''This is certain my best week of the year,'' said Cabrera, the 2009 Masters champion and 2007 U.S. Open champion at Oakmont. ''To play alongside all the legends ... as well as playing alongside my son, has been the greatest week of the year.''

The popular event is for players who have won a major championship or The Players Championship. It is a scramble format both days.

In some cases, the major champions lean on the power of their sons for the distance. O'Meara said Saturday that his ''little man'' hit it 58 yards by him on the 18th. And on Sunday, Stewart Cink said son Reagan told him after outdriving him on the opening four holes, ''In this tournament I may be your son, but right now I'm your Daddy!''

Jack Nicklaus played with his grandson, G.T. They closed with a 64 and tied for 15th in the field of 20 teams.

Rose wins; Aphibarnrat earns Masters bid in Indonesia

By Will GrayDecember 17, 2017, 1:59 pm

Justin Rose continued his recent run of dominance in Indonesia, while Kiradech Aphibarnrat snagged a Masters invite with some 72nd-hole dramatics.

Rose cruised to an eight-shot victory at the Indonesian Masters, carding bookend rounds of 10-under 62 that featured a brief run at a 59 during the final round. The Englishman was the highest-ranked player in the field and he led wire-to-wire, with Thailand's Phachara Khongwatmai finishing second.

Rose closes out the year as perhaps the hottest player in the world, with top-10 finishes in each of his final 10 worldwide starts. That stretch includes three victories, as Rose also won the WGC-HSBC Champions and Turkish Airlines Open. He hasn't finished outside the top 10 in a tournament since missing the cut at the PGA Championship.

Meanwhile, it took until the final hole of the final tournament of 2017 for Aphibarnrat to secure a return to the Masters. The Thai entered the week ranked No. 56 in the world, with the top 50 in the year-end world rankings earning invites to Augusta National. Needing an eagle on the 72nd hole, Aphibarnrat got just that to snag solo fifth place.

It means that he is projected to end the year ranked No. 49, while Japan's Yusaku Miyazato - who started the week ranked No. 58 and finished alone in fourth - is projected to finish No. 50. Aphibarnrat finished T-15 in his Masters debut in 2016, while Miyazato will make his first appearance in the spring.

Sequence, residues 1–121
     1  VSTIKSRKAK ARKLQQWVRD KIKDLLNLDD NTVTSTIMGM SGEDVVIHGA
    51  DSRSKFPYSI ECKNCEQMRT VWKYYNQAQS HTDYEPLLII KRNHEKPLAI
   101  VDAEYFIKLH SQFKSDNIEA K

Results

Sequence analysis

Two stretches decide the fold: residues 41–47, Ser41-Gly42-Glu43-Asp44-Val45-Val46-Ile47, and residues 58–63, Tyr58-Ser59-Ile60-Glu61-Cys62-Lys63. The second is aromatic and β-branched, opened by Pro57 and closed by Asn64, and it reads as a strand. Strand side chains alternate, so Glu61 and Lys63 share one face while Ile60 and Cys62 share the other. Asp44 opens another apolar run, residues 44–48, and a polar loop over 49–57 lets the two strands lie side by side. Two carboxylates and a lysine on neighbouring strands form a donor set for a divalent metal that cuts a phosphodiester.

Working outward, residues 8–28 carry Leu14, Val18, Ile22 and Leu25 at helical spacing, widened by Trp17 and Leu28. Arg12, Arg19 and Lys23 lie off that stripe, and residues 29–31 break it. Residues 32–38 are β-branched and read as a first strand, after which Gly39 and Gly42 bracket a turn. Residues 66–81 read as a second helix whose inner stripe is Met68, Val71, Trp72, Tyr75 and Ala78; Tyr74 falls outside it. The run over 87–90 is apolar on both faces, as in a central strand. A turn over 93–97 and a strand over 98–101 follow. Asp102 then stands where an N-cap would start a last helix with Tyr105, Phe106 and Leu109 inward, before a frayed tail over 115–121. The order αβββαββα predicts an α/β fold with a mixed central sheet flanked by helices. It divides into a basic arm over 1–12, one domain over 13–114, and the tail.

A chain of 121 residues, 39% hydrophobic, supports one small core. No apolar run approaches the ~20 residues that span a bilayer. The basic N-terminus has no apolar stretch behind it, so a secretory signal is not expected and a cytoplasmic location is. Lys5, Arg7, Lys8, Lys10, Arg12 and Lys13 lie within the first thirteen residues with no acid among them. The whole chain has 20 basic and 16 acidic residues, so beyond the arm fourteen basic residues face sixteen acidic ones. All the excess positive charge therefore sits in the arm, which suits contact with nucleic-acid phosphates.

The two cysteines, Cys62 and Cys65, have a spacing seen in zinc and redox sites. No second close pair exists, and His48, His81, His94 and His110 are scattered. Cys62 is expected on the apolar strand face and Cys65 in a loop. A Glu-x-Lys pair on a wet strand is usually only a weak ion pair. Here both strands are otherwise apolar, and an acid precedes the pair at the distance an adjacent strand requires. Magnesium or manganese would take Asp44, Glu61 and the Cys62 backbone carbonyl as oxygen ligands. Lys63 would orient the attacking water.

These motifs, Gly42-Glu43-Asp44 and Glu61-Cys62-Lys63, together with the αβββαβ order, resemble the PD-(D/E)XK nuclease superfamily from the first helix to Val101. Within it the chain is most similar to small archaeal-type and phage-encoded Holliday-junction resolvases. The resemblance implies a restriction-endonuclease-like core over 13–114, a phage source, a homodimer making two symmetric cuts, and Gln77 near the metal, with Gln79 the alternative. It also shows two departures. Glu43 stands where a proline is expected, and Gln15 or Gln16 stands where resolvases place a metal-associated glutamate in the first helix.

The results in Indonesia mean that American Peter Uihlein and South Africa's Dylan Frittelli are projected to barely miss the year-end, top-50 cutoff. Their options for Masters qualification will include winning a full-point PGA Tour event in early 2018 or cracking the top 50 by the final March 25 cutoff.

Cabreras take 1-shot lead in Father/Son

By Associated PressDecember 16, 2017, 11:23 pm

ORLANDO, Fla. - Two-time major champion Angel Cabrera and Angel Cabrera Jr. birdied their last three holes for a 13-under 59 to take a one-shot lead Saturday in the PNC Father-Son Challenge.

Cabrera, a Masters and U.S. Open champion, is making his debut in this popular 36-hole scramble. His son said he practiced hard for 10 days. What helped put him at ease was watching his father make so many putts.

''We combined very well,'' Cabrera said. ''When I hit a bad shot, he hit a good one. That's the key.''

They had a one-shot lead over Mark O'Meara and Shaun O'Meara, who are playing for the first time. That included a birdie on the last hole, which O'Meara attributed to the strength of his son.

''My little man hit it 58 yards by me on the 18th,'' said O'Meara, the Masters and British Open champion in 1998. ''It's a little easier coming in with a 6-iron.''

Defending champions David Duval and Nick Karavites rallied over the back nine at the Ritz-Carlton Golf Club for a 61. They are trying to become the first father-son team to repeat as winners since Bernhard and Stefan Langer in 2006. Larry Nelson won two years in a row in 2007 and 2008, but with different sons.

''I'd imagine we have to break 60 tomorrow to have a chance to win, but hey, stranger things have happened,'' Duval said. ''I've even done it myself.''

Duval shot 59 at the Bob Hope Classic to win in 1999 on his way to reaching No. 1 in the world that year.

Duval and his stepson were tied with Bernhard Langer and 17-year-old Jason Langer, who made two eagles on the last five holes. This Langer tandem won in 2014.

Jack Nicklaus, playing with grandson G.T., opened with a 68.

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Woods' 2018 schedule coming into focus ... or is it?

By Golf Channel DigitalDecember 16, 2017, 5:46 pm

Two weeks after his successful return to competition at the Hero World Challenge, Tiger Woods’ 2018 schedule may be coming into focus.

Golfweek reported on Saturday that Woods hopes to play the Genesis Open in February according to an unidentified source with “direct knowledge of the situation.”

Woods’ agent Mark Steinberg declined to confirm the 14-time major champion would play the event and told GolfChannel.com that Woods – who underwent fusion surgery to his lower back in April – is still formulating his ’18 schedule.

Woods’ foundation is the host organization for the Genesis Open and the event supports the Tiger Woods Learning Center in Anaheim, Calif.

The Genesis Open would be Woods’ first start on the PGA Tour since he missed the cut last January at the Farmers Insurance Open.